These stamps bring out the inner philatelist in all of us.
1. Mini Phonograph Records
The small Himalayan nation of Bhutan is well-known for creative postage, having designed stamps out of unorthodox materials from plastic to steel. But in 1973, they issued stamps that doubled as tiny phonograph records. The record stamps contain traditional folk songs and an oral history of Bhutan, and can be played on a turntable. There's currently a full set of these stamps on eBay for a Buy It Now price of $495.
As Frank Sinatra once sang, "They grow an awful lot of coffee in Brazil." In 2001, Brazil issued an aromatically enticing coffee-scented stamp. Beans were roasted, ground, and filtered under pressure then mixed with varnish and laid on each stamp. As with a scratch 'n' sniff, the aroma was released by rubbing a finger across the stamp. Mmm.
3. Hockey Game Footage
Canadians love hockey, and their most storied team is the Montreal Canadiens. In 2009, Canada Post issued stamps that feature actual footage of historic goals scored by famous players like Maurice Richard and Guy Lafleur. The effect is achieved with a process called Motionstamp, with digital footage making the stamps into mini-movies. Other countries that have embedded video clips are Austria, Netherlands, and Australia.
In 2008, Malaysia figured out a novel way to increase awareness about their country's nocturnal animals. They put them on stamps that glow in the dark. The six designs include exotic creatures such as the moon rat and the flying fox. In 2003, Finland also had a glow in the dark series of stamps, celebrating their lighthouses.
5. Embroidered Edelweiss
A stamp that can be posted or worn, this Austrian design from 2005 was made of threads embroidered into the shape of the Edelweiss, queen of the alpine flowers. It was designed by Haemmerle & Vogel, a long-standing family-owned fabric mill in Austria.
6. Meteorite Dust
There must be some very creative types working in the Austrian postal system. In 2004, they issued crystal-coated stamps. In 2008, they unveiled the world's first stamp made of soccer ball material, to celebrate the Euro soccer tournament. Even wilder is a stamp they issued in 2006, featuring a meteorite streaking towards Earth. The rendering contains 0.03 grams of dust from an actual meteorite, fixed to the stamp with adhesive. For those letters from Vienna... to Venus.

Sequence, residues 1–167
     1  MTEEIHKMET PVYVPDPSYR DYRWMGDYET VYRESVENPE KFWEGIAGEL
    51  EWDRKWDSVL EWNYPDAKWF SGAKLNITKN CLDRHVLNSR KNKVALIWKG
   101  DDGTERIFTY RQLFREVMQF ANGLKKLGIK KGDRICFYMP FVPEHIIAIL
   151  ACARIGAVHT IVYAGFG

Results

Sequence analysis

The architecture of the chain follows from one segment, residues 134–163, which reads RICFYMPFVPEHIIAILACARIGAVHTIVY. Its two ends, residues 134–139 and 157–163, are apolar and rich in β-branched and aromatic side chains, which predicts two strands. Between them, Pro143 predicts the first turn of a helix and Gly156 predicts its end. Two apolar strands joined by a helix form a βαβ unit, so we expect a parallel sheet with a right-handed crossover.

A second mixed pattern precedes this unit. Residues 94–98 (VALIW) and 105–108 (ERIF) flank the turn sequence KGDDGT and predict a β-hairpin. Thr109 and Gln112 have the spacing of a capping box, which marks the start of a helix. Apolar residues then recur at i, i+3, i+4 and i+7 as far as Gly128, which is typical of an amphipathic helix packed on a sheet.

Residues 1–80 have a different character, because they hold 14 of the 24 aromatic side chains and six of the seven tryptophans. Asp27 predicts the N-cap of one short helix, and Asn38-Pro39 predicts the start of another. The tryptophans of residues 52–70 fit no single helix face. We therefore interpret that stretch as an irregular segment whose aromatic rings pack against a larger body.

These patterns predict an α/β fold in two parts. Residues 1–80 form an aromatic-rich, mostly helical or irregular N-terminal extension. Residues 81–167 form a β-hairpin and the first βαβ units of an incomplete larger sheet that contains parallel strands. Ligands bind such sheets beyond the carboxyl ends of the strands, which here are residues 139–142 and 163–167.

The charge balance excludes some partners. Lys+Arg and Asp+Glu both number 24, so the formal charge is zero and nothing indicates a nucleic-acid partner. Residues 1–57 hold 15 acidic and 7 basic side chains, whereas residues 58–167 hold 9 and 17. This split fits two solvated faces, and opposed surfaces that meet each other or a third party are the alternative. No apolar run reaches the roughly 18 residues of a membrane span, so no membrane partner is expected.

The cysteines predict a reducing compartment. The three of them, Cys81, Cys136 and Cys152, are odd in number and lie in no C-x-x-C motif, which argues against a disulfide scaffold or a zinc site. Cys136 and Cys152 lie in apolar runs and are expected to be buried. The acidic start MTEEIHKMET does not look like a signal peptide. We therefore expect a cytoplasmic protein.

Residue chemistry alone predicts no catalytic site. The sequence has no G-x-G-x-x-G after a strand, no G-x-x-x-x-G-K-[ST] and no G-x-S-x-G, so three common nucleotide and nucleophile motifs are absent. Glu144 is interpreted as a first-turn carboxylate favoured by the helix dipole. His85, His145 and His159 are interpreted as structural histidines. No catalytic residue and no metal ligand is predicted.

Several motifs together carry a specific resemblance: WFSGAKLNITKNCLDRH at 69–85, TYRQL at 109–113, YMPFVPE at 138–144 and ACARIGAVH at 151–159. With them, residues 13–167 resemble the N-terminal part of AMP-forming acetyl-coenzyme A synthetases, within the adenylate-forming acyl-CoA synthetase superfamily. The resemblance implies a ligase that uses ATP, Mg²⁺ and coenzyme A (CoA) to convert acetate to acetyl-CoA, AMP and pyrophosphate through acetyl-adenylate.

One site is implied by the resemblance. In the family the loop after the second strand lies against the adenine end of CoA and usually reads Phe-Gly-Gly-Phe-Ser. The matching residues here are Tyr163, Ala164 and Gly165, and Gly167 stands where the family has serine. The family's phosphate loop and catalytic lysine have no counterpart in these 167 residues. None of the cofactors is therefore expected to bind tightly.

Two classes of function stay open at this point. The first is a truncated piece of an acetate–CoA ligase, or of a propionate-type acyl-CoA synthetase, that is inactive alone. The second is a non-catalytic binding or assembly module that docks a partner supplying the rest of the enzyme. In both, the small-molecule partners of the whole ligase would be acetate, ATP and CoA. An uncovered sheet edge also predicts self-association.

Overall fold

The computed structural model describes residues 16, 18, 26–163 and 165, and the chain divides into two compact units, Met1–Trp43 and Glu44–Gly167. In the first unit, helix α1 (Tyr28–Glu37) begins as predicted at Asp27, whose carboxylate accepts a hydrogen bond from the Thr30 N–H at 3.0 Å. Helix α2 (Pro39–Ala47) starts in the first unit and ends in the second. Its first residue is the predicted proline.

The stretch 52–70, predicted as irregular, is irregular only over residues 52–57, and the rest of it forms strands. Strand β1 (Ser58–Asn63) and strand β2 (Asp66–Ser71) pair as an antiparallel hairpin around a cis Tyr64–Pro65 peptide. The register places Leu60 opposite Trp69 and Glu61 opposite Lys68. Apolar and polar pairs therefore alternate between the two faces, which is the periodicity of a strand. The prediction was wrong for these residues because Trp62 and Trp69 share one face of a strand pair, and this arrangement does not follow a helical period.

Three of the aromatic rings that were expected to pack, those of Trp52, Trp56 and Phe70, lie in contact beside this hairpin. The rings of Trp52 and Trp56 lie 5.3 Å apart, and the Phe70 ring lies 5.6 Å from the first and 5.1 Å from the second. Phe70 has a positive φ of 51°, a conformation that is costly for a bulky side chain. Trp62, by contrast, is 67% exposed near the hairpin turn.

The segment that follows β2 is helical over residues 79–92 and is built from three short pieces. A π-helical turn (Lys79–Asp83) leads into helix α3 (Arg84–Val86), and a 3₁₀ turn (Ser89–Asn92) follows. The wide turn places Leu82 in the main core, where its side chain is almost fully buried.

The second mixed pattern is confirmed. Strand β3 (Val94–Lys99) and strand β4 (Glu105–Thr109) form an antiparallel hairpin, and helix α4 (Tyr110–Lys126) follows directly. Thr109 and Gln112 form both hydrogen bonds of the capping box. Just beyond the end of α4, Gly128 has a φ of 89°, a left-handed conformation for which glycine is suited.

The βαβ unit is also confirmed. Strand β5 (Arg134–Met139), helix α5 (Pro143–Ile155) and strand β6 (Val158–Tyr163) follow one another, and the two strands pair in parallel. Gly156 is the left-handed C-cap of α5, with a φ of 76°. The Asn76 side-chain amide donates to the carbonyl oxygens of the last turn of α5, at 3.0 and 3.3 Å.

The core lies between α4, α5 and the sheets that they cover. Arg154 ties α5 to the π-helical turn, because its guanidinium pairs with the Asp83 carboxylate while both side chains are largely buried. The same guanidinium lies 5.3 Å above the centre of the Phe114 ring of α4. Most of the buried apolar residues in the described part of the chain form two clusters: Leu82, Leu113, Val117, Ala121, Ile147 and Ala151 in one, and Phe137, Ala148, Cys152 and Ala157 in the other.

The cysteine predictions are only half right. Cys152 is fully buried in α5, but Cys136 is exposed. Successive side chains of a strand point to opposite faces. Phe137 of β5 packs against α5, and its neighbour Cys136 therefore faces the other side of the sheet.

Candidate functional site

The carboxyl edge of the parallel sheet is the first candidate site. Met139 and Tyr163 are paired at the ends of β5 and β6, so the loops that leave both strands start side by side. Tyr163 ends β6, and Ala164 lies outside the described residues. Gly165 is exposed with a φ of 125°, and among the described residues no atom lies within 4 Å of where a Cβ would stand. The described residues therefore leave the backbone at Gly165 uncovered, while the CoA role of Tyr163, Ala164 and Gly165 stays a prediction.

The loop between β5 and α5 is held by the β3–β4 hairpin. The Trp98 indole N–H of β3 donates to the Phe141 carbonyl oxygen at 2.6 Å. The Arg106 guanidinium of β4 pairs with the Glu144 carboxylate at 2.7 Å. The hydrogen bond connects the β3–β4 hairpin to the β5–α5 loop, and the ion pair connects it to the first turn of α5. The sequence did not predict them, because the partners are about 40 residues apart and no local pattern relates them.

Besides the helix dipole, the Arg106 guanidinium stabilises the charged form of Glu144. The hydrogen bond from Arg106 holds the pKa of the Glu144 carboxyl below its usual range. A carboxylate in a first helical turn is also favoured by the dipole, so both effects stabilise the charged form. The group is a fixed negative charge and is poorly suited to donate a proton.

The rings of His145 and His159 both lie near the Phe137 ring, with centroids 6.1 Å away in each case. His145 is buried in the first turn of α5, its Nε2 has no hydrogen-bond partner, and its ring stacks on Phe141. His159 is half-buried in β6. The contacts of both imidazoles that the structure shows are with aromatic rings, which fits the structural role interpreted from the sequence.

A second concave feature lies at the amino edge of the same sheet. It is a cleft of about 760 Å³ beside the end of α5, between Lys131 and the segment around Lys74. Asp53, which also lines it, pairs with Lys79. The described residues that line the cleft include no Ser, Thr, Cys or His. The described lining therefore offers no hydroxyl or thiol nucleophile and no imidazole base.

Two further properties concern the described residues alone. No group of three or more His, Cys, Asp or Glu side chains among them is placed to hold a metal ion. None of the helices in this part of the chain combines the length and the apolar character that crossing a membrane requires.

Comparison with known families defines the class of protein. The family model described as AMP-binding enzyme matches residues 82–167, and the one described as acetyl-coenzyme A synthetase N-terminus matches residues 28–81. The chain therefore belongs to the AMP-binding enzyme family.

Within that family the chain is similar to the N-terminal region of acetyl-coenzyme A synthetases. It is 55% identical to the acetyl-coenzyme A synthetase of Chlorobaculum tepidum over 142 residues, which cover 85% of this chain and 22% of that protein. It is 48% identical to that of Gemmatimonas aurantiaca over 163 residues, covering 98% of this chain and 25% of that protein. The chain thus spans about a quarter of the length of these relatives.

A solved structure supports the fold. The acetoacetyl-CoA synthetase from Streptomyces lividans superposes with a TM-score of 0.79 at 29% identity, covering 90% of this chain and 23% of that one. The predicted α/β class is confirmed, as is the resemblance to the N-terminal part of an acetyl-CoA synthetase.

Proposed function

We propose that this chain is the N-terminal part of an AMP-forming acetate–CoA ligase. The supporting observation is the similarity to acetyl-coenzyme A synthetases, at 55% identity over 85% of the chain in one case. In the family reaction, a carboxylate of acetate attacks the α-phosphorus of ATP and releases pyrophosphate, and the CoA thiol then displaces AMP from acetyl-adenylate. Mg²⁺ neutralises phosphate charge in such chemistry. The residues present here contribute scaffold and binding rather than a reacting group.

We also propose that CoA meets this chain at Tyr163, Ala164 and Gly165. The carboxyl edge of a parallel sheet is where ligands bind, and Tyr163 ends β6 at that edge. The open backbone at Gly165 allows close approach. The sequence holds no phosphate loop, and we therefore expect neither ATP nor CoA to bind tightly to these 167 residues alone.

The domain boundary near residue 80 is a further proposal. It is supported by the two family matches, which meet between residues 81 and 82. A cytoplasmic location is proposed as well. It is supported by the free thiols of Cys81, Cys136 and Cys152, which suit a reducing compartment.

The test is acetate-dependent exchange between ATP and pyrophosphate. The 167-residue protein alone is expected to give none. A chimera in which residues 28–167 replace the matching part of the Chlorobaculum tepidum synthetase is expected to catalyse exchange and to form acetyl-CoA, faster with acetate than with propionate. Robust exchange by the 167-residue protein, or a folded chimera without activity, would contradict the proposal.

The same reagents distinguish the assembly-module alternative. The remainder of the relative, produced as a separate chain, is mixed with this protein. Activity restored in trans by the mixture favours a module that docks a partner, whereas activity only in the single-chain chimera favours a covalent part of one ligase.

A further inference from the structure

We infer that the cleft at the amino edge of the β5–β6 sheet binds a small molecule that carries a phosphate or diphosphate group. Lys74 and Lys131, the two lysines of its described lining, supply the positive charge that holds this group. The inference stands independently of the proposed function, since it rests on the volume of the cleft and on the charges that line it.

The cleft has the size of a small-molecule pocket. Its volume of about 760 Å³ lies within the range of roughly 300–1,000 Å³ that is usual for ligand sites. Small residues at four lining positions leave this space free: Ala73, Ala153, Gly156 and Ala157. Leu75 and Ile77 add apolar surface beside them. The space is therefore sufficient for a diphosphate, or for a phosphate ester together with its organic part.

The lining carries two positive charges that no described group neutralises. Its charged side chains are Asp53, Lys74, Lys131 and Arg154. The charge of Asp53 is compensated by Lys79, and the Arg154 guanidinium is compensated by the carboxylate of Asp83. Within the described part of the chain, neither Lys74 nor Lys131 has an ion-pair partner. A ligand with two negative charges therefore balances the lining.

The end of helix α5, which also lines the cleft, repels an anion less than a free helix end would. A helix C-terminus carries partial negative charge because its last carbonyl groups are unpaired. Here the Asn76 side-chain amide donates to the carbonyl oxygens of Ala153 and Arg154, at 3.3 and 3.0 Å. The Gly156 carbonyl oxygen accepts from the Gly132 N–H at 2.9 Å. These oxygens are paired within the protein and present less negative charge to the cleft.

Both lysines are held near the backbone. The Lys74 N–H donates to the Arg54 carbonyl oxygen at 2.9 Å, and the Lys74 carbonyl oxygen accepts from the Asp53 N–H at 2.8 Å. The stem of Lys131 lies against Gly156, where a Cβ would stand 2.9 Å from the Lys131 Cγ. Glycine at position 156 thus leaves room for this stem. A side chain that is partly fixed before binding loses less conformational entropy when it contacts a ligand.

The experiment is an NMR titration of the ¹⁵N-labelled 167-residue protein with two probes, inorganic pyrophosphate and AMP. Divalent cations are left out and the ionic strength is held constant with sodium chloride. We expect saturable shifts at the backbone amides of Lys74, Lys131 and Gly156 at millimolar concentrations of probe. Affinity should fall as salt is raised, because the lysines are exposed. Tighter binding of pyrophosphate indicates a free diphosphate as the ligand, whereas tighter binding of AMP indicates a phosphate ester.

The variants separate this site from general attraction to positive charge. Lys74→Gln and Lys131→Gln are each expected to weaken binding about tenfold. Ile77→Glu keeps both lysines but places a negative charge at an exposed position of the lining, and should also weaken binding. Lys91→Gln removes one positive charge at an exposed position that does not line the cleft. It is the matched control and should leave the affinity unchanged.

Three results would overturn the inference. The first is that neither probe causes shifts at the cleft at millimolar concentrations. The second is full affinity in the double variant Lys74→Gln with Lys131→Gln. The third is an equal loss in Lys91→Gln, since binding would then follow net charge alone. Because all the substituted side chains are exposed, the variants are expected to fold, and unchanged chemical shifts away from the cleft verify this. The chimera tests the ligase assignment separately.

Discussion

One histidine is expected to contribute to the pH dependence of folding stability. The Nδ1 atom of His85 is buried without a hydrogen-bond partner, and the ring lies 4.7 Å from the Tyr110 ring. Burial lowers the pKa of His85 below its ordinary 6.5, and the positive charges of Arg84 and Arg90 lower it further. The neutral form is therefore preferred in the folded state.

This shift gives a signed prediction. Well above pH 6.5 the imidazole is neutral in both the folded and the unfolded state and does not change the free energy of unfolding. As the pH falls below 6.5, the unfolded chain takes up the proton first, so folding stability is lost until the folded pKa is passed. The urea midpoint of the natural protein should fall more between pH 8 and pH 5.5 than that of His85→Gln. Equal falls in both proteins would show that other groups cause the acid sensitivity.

7. The Rock of Gibraltar
Portugal is the world's leading manufacturer of cork. In 2007, they celebrated this fact by issuing a lovely stamp depicting a cork tree on a hill. And the stamp itself was made entirely of cork – wafer thin, with a thickness of .35mm. And because of the cellular nature of cork, each stamp was unique.
The Swiss are famous for chocolate. For making it and eating it (they're estimated to be the number one consumer of chocolate in the world). So it makes perfect sense that they'd have a chocolate stamp. Well, it looks and smells like chocolate, and comes wrapped in foil like a chocolate bar. But if you're tempted to lick it, don't bother; it tastes like stamp glue.
For the past few years, at Valentine's Day, La Poste (the French postal service) has been issuing stamps designed by top names in the fashion industry, including Yves Saint Laurent, Christian Lacroix, and Chanel. But the loveliest is Givenchy's elegant design of a simple wreathed heart.
And finally, stamps that bloom into living plants! In 2007, Dutch postal service TNT introduced a series of stamps that held seeds beneath a layer of plastic. Once you peeled it back, you could plant a variety of flowers, including pinks, petunias, and snapdragons.